The chunk of code after that (which I’m not duplicating because it’s too much) is all script configuration; which gps method are you using, what’s your aprs-ssid, what’s your password, which digital mode are you using, which symbol do you want for your APRS icon, and variable that you have to activate to actually send data. This was done because I did not want people accidentally sending garbage to the APRS-IS and my script being to blame. So it ensures that you’ve configured everything.

[ "$gpsd" = "$gpstether" ] && echo "Invalid GPS Configuration" && exit

This accomplishes the same thing…it’s the “you didn’t configure this” idiot check I’ve seen in a lot of scripts. Except where those scripts had a whole variable just for this purpose; I look to see if the GPS options match, which would be invalid. The script “ships” with both turned off…triggering the same error.

[ "$gpsd" -eq 1 ] && nema=$(gpspipe -n 9 -r "$ip:$port")
[ "$gpstether" -eq 1 ] && [ "$gpsudp" -eq 1 ] && nema=$(timeout 3 ncat -u $ip $port)
[ "$gpstether" -eq 1 ] && [ "$gpsudp" -eq 0 ] && nema=$(timeout 3 ncat $ip $port)

So what we’re actually going to do here, is depending on the GPS configuration; just pull a number of NEMA sentences and drop them in to the nema variable. gpsd support was easy using gpspipe; but the generic tethering options required options for UDP.

# New filtering method for altitude and non-standard sentence names.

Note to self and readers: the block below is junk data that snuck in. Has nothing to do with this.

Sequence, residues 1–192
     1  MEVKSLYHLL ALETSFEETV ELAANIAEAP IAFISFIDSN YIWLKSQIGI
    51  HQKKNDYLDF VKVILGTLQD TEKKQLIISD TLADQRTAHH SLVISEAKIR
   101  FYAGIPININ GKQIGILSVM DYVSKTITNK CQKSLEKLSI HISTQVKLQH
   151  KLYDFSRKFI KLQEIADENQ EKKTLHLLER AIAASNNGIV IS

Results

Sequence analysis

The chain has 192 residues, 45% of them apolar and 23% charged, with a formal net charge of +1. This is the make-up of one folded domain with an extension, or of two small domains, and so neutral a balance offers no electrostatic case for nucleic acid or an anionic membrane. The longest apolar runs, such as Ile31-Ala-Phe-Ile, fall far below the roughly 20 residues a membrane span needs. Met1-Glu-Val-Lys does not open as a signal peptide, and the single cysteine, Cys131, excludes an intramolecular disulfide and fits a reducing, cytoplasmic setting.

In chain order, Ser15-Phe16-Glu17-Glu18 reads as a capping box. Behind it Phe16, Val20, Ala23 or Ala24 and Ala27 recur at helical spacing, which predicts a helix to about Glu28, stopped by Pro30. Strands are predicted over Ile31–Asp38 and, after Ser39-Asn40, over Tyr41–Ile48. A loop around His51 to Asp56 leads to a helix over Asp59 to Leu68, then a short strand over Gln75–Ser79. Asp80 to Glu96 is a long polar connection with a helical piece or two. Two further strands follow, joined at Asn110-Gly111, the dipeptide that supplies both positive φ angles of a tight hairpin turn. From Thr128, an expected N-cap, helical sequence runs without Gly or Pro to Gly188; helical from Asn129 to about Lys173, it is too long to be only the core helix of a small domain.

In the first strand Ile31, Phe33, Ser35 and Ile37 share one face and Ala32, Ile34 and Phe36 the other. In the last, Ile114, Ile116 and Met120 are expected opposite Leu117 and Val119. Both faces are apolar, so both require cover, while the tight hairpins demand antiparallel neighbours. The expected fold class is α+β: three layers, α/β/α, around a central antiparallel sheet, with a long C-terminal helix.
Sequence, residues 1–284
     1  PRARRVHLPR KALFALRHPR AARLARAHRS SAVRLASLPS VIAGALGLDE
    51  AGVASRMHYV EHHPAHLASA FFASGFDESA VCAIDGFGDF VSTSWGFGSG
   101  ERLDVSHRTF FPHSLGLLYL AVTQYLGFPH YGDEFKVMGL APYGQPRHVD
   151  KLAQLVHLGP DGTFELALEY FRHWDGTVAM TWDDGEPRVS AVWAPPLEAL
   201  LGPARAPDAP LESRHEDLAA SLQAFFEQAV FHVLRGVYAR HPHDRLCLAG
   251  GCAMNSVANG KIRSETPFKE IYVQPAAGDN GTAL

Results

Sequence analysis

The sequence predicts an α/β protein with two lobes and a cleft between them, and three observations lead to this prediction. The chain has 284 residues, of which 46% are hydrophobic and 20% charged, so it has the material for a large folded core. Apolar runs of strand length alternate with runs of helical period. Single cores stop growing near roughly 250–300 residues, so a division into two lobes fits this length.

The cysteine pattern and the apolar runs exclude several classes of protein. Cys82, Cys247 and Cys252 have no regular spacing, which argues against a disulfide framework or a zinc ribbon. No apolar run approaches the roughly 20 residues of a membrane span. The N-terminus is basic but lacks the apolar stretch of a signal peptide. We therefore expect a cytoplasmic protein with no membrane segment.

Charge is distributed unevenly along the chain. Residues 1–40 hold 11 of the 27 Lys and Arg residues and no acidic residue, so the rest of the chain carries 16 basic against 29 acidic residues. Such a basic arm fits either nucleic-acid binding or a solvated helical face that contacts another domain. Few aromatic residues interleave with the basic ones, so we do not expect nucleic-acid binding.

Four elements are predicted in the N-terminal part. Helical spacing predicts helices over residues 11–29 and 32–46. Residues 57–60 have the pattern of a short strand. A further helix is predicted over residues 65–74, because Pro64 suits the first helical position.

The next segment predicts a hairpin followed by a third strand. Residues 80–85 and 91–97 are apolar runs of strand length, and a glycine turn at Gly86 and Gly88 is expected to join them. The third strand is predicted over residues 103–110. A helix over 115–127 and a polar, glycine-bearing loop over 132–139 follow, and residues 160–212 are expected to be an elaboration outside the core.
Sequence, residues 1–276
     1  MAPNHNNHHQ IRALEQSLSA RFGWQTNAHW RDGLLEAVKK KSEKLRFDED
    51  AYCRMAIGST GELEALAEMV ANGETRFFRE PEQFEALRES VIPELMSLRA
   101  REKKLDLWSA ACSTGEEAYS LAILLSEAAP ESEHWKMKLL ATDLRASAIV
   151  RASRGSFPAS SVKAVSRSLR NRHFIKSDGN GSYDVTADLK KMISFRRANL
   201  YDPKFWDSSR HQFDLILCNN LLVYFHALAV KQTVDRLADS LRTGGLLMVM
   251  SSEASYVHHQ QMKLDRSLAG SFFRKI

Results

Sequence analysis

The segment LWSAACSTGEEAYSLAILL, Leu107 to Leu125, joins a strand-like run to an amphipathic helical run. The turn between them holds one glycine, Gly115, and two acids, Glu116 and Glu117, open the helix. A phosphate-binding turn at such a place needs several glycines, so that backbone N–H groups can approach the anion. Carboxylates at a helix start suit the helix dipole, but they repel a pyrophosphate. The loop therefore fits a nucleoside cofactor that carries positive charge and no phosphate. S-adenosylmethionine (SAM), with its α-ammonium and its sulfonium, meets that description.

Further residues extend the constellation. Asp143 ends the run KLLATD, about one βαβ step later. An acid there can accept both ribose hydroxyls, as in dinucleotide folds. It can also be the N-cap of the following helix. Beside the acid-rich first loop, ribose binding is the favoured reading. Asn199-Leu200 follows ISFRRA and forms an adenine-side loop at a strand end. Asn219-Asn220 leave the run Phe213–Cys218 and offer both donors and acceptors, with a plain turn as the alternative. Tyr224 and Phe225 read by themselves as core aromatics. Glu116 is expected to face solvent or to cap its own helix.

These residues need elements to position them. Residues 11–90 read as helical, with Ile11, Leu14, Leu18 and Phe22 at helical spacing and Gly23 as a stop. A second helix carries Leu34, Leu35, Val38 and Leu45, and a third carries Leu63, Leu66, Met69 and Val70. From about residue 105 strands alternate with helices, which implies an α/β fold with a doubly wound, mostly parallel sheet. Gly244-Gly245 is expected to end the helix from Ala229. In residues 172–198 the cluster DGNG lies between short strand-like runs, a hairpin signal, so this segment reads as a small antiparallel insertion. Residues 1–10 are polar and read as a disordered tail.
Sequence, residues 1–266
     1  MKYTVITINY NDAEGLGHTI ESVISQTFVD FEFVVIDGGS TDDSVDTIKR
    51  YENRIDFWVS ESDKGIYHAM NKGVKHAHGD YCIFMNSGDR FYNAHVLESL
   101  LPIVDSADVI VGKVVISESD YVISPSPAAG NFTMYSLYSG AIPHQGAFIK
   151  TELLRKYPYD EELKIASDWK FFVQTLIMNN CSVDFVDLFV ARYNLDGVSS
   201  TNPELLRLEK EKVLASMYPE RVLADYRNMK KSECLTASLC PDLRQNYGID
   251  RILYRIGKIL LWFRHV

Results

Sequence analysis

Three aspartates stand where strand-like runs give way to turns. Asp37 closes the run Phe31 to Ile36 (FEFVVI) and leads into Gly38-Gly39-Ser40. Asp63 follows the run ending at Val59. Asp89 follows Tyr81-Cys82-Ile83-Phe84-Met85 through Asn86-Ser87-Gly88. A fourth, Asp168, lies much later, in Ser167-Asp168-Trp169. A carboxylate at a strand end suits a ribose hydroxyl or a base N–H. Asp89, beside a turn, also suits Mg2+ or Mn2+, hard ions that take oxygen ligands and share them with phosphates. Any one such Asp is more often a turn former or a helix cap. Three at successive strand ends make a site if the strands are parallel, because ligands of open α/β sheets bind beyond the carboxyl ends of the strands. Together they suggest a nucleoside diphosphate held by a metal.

rmc=$(printf "$nema" | sed -n '/$G.RMC/{p;q}')
[ -z "$rmc" ] | echo "Better luck next time. (Or modify script for more gpspipe data.)" && exit
gga=$(printf "$nema" | sed -n '/$G.GGA/{p;q}')
# GPS Lock Check
gpss=$(printf "$rmc" | cut -d ',' -f3)
[ "$gpss" = "V" ] && exit

When I added support for GPS tethering, I had to modify the sentence names to basically wildcard a character; this was due to how the tethering apps sent their data. Thankfully, it was just one character I could wildcard. There are also two sanity checks; the first looks to see if we grabbed a RMC sentence, the other looks to see if the GPS lock is valid. If either one fail, we aren’t running the script. That echo is actually a debugging throwback as I was trying to figure out how much data I needed to pull.

# GPS Coordinate Set
lat=$(printf "$rmc" | awk -F, '{printf "%07.2f%c", $4, $5;}')
[ -z "$lat" ] && echo "Latitude error?" && exit
lon=$(printf "$rmc" | awk -F, '{printf "%08.2f%c", $6, $7;}')
[ -z "$long" ] && echo "Longitude error?" && exit
# Set heading & speed
hsp=$(printf "$rmc" | awk -F, '{printf "%03.0f%c%03.0f", $9, "/", $8}')
# Altitude (aka literally the only reason we pull a $gpgga)
altm=$(echo "$gga" | cut -d ',' -f10)
ft=$(echo "/A=$(echo "$altm*3.280839895" | bc | xargs printf "%06.0f")")